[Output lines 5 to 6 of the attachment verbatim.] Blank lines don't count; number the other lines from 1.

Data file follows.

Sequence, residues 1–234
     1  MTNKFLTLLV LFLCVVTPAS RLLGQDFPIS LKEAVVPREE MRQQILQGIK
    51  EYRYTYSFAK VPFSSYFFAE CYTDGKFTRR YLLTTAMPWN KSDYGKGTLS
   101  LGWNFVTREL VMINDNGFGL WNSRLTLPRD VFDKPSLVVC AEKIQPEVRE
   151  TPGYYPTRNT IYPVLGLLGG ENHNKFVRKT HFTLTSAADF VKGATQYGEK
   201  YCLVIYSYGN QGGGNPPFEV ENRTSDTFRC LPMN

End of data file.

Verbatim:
   151  TPGYYPTRNT IYPVLGLLGG ENHNKFVRKT HFTLTSAADF VKGATQYGEK
   201  YCLVIYSYGN QGGGNPPFEV ENRTSDTFRC LPMN